Date of Conferral



Doctor of Nursing Practice (DNP)




Barbara Niedz


Pain is often seen as a primary complaint in the pediatric emergency department (ED). Assessment and documentation of pain are integral to effective pain management, and nurses are responsible for documenting pain assessment. Nursing documentation is essential for ensuring continuous, safe, high-quality care. Evidence shows nurses are inadequately documenting pain assessment and reassessment and not always using appropriate pain scales in a busy, cosmopolitan children's hospital ED. The practice-focused question that guided this project was: How does an educational module and change in electronic health record pain assessment flowsheet increase the nurses' compliance with initial documentation of pain? An educational module and minor change in the electronic health record was developed and implemented. Chart audits showed an improvement in pain documentation in triage from 16% to 84% with a chi-square value of 11.4, p = .001. Prior to the DNP project there were 24 of 71 charts (33.8%) with all 3 required elements properly documented; after the educational module, this improved to 51 of 80 charts, 63.7%. The results of the chi square 13.4, p = < .001 demonstrate a statistically significant improvement. In the qualitative survey data collected before and after nurses completed the educational module, they cited short-staffing, electronic health records, lack of education, nursing experience, and time management as explanatory of documentation failures. Attention to accurate and timely pain assessment and documentation using the correct tools improves the care of the pediatric patient and contributes significantly to positive social change.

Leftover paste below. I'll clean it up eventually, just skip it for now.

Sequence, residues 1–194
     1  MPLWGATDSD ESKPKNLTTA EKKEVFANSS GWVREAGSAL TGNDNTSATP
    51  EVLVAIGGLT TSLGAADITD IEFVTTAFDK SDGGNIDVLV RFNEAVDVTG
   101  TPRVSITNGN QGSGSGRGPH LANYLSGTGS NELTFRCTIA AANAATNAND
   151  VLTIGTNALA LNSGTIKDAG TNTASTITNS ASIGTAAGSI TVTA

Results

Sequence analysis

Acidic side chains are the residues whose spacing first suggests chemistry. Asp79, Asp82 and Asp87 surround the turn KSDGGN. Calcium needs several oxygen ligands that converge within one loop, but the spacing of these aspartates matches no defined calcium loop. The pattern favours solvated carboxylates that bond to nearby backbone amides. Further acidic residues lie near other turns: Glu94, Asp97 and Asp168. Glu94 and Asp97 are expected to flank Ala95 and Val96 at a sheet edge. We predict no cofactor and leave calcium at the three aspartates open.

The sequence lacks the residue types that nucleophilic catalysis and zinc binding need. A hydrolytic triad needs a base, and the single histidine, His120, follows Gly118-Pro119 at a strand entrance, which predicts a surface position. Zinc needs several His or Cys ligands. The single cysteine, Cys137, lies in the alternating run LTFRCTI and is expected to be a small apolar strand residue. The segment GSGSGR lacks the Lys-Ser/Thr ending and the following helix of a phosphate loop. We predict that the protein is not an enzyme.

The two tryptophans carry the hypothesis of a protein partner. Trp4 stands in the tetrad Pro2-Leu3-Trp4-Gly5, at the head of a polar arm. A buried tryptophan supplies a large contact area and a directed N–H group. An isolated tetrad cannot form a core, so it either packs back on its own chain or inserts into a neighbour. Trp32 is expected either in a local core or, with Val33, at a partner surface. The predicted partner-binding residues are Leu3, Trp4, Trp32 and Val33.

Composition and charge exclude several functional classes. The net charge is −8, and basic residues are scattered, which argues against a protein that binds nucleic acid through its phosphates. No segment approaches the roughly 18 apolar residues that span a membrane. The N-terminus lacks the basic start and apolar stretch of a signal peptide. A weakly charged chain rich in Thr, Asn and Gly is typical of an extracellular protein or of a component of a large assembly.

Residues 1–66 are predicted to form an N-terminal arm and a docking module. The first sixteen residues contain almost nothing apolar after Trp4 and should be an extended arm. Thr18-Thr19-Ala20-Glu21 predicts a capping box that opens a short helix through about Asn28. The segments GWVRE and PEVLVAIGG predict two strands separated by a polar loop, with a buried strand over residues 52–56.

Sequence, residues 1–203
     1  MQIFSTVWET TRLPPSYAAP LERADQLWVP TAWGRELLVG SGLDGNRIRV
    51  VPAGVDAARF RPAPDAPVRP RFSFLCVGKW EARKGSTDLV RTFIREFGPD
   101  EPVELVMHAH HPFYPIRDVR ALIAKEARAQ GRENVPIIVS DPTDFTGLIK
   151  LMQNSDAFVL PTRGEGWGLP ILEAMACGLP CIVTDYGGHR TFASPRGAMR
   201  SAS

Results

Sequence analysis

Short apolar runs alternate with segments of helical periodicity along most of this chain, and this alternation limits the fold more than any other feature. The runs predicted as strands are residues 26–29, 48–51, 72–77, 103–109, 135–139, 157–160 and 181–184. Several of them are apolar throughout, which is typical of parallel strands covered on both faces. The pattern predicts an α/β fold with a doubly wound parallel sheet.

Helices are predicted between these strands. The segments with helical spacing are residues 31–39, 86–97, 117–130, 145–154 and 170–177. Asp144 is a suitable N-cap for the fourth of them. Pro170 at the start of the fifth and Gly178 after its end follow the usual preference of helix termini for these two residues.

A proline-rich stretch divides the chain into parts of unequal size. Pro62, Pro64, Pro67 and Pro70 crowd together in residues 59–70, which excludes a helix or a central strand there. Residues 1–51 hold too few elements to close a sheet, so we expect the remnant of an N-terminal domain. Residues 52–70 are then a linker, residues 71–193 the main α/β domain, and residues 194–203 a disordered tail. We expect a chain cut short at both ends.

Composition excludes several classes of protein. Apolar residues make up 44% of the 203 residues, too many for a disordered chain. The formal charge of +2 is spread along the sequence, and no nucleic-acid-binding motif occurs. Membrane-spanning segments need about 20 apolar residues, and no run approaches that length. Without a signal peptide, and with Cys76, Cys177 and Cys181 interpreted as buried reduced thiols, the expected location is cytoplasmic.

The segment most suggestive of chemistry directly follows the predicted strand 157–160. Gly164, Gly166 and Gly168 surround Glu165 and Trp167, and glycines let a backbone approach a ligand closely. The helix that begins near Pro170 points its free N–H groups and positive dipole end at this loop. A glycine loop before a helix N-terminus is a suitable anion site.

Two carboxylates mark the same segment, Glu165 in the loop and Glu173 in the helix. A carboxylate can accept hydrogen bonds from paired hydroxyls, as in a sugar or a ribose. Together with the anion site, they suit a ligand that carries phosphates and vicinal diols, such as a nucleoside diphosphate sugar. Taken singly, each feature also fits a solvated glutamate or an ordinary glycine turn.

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Nursing Commons